Wednesday, December 28, 2011

BuboBlog Reviews 'Young Adult'

"Young Adult," the new film that reunites director Jason Reitman and writer Diablo Cody, is easily the most cringe-inducing experience I've had this year — and that's meant as a compliment.

In chronicling the misadventures of Mavis Gary (Charlize Theron), a troubled writer of young-adult novels, the movie teems with awkward moments and misinterpreted signals. Much of the dialogue will make you squirm in your seat, laughing and wincing at the same time. The film also manages to be touching and surprising, and it holds up as a worthy successor to "Juno" (Reitman and Cody's last project).

"Young Adult" depicts Mavis' return to her hometown of Mercury, Minn., after finding success as a writer in the big city (well, Minneapolis). She styles herself as a best-selling author, though she's actually a ghost writer of a book series that is being discontinued. Mavis lives in a soulless high-rise and spends her days watching reality shows while nursing hangovers and chugging Diet Coke straight from a two-liter bottle.

While finishing the final book in the "Waverly Prep" line of teen-romance novels, she decides she can only restore her own happiness if she reunites with her high school boyfriend, Buddy (Patrick Wilson). Incidentally, Buddy is married and has a newborn baby.

Mavis isn't deterred by that. In fact, she sees it as her duty to free him from the prison of being a small-town family man. Along the way, she forges a friendship with another former classmate, Matt (Patton Oswalt), who she never gave the time of day during high school. Then she wreaks havoc with all of their lives, including her own.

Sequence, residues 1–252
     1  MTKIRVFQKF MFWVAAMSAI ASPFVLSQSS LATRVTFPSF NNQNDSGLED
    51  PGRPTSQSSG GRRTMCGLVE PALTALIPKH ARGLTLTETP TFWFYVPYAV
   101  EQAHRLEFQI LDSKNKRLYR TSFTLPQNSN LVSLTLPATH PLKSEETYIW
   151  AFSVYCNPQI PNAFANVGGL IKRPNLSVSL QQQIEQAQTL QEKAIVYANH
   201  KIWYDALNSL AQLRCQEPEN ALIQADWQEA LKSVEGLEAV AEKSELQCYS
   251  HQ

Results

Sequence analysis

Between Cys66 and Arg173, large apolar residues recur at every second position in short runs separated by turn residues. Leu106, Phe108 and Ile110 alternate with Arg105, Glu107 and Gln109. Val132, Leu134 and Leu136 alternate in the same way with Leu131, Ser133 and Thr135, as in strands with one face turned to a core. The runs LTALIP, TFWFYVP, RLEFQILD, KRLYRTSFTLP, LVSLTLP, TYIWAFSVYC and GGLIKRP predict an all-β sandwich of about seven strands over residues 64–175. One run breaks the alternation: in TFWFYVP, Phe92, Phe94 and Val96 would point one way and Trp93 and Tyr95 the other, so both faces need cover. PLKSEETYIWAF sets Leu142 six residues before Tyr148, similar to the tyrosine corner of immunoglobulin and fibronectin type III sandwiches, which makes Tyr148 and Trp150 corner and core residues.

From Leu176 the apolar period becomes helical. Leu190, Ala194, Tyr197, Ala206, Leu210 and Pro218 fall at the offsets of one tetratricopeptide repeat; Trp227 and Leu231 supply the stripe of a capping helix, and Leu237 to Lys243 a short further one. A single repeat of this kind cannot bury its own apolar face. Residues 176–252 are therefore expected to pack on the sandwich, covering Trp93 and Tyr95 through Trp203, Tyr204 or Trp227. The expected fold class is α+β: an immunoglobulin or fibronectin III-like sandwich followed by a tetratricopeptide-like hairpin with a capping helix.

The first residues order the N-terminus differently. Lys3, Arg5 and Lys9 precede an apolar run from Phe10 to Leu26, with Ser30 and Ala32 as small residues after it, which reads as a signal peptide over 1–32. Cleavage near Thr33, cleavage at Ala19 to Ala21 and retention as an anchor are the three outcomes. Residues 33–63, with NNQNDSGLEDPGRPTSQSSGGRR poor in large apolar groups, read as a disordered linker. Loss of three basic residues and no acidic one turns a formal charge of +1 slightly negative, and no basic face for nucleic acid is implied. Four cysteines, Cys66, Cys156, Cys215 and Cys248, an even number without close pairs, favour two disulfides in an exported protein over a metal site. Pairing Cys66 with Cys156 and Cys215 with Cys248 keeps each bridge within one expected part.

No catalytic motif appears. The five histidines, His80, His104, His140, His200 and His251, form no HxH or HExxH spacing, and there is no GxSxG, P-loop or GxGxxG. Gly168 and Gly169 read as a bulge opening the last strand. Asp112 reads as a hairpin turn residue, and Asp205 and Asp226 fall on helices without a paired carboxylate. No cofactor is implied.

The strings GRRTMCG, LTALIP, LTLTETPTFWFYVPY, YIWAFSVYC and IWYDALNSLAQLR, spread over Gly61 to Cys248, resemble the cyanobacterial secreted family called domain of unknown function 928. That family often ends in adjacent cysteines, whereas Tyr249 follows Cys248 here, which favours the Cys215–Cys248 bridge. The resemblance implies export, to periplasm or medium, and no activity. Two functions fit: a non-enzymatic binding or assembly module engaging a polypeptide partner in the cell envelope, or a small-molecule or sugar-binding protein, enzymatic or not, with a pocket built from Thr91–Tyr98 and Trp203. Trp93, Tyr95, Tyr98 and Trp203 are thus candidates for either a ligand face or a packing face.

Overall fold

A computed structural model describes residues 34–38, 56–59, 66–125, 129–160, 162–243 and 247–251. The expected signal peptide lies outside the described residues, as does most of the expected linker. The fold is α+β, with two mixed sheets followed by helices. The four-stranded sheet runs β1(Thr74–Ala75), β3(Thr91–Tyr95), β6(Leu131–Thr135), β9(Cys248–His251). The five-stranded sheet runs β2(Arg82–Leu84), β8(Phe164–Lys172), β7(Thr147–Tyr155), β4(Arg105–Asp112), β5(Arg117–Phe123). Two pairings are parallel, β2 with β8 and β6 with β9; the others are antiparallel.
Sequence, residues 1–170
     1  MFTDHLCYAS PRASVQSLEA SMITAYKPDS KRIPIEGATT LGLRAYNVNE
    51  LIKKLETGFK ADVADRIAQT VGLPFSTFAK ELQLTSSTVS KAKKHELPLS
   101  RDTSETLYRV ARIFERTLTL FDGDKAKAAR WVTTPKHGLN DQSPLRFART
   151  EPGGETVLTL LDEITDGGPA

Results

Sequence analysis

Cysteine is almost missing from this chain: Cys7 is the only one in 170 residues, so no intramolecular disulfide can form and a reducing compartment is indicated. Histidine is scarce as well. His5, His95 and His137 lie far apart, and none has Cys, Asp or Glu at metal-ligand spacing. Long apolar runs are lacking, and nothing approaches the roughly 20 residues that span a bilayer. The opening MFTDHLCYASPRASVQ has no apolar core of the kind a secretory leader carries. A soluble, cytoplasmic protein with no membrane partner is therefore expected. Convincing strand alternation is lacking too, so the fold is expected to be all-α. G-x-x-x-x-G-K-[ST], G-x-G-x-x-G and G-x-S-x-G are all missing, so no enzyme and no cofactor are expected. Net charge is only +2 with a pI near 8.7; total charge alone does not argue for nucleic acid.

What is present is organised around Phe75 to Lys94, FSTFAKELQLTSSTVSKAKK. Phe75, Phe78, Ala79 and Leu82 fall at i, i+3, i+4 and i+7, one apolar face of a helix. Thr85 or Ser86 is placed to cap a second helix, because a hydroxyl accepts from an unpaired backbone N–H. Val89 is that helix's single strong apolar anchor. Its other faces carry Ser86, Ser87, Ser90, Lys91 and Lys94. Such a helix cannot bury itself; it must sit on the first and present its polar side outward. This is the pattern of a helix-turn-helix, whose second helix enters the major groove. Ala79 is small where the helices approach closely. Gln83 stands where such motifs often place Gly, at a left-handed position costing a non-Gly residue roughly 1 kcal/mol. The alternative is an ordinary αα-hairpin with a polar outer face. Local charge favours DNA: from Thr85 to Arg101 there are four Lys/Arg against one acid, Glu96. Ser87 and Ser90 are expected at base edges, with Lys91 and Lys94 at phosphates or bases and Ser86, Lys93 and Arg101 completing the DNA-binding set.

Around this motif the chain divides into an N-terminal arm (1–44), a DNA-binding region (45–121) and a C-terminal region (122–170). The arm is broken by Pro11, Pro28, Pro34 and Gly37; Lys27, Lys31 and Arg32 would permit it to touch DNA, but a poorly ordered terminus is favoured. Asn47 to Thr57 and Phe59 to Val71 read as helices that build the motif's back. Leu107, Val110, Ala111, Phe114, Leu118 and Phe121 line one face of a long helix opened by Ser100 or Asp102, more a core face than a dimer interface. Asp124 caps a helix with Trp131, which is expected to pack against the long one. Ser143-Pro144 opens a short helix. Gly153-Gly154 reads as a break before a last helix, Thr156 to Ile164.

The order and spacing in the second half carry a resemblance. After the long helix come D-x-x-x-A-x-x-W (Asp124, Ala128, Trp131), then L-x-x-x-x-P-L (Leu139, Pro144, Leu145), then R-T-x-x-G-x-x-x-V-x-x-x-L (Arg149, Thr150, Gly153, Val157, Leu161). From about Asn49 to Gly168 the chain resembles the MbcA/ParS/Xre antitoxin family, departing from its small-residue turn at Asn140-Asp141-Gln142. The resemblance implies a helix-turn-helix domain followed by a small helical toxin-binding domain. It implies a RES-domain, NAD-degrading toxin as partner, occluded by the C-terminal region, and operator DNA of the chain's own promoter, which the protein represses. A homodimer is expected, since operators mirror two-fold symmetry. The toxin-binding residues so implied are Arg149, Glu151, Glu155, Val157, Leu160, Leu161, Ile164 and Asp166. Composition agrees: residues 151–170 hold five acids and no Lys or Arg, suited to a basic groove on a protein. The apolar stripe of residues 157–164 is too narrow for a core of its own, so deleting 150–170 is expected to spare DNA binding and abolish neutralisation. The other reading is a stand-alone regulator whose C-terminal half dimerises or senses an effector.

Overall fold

The script displays a level of maturity that Cody didn't have with "Juno." While I enjoyed that film, the first 20 minutes were so overloaded with cutesy dialogue that it was difficult to get a sense of the characters. Cody was trying too hard to impress. Here, there's hardly any dialogue in the first 20 minutes. It quietly shows us Mavis' bleak existence — no commentary is needed. The text of the work-in-progress "Waverly Prep" novel is used as voice over, providing subtext to the actions on screen. It's the perfect way to use voice over: not for basic exposition, but to add layers to the narrative.

Theron is pitch-perfect as Mavis, and she's unafraid to cast her looks in an unflattering light (well, about as unflattering as you can make someone who looks like Charlize Theron). She keeps the character sympathetic, even when she's wounding the people around her, and finds the laughs without the film devolving into farce.

Reitman gives a nuanced look at small-town life and doesn't condescend. Sure, Mercury is filled with generic strip malls (featuring Kentacohuts) and a Macy's that was somehow lifted out of 1983. But it also has charming quirks: an all-mom rock band called Nipple Confusion and people who distill their own bourbon. Families are close-knit and happy, even without big-city glamor.

The film takes some unexpected turns in the final act, and it's hard to say whether Mavis has truly learned her lesson. She has a curious conversation with Matt's sister, who idolizes her, and the experience either destroys any progress toward self-awareness or helps her overcome her neuroses (I'm not quite sure which).

Oddly enough, it reminded me of Laura Linney's Lady Macbeth-style monologue at the end of "Mystic River," where she quells Sean Pean's conscience in favor of protecting the family. I didn't think that speech quite fit "Mystic River," and I'm not sure the analogous scene fits in "Young Adult."

Still, the film manages to keep the journey satisfying, even if you're never sure if Mavis is heading in the right direction.

BuboBlog Rating: 3.5 asterisks (out of 4)